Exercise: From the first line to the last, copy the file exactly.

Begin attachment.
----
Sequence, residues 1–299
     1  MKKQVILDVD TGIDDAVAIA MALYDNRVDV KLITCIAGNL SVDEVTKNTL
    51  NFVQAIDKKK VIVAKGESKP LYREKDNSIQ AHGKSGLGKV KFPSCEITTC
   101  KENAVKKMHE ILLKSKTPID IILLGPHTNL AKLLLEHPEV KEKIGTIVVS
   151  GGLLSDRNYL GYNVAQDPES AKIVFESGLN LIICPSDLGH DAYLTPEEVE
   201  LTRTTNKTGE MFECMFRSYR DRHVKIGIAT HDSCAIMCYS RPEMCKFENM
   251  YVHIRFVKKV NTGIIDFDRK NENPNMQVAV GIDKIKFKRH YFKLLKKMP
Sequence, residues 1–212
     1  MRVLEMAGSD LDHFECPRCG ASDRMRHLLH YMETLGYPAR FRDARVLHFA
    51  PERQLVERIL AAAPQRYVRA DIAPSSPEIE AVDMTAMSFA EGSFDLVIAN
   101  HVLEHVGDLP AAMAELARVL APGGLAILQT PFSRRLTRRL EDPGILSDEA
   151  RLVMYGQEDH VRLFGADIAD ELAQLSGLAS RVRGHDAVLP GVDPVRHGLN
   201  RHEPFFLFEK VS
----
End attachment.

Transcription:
Sequence, residues 1–299
     1  MKKQVILDVD TGIDDAVAIA MALYDNRVDV KLITCIAGNL SVDEVTKNTL
    51  NFVQAIDKKK VIVAKGESKP LYREKDNSIQ AHGKSGLGKV KFPSCEITTC
   101  KENAVKKMHE ILLKSKTPID IILLGPHTNL AKLLLEHPEV KEKIGTIVVS
   151  GGLLSDRNYL GYNVAQDPES AKIVFESGLN LIICPSDLGH DAYLTPEEVE
   201  LTRTTNKTGE MFECMFRSYR DRHVKIGIAT HDSCAIMCYS RPEMCKFENM
   251  YVHIRFVKKV NTGIIDFDRK NENPNMQVAV GIDKIKFKRH YFKLLKKMP
Sequence, residues 1–212
     1  MRVLEMAGSD LDHFECPRCG ASDRMRHLLH YMETLGYPAR FRDARVLHFA
    51  PERQLVERIL AAAPQRYVRA DIAPSSPEIE AVDMTAMSFA EGSFDLVIAN
   101  HVLEHVGDLP AAMAELARVL APGGLAILQT PFSRRLTRRL EDPGILSDEA
   151  RLVMYGQEDH VRLFGADIAD ELAQLSGLAS RVRGHDAVLP GVDPVRHGLN
   201  RHEPFFLFEK VS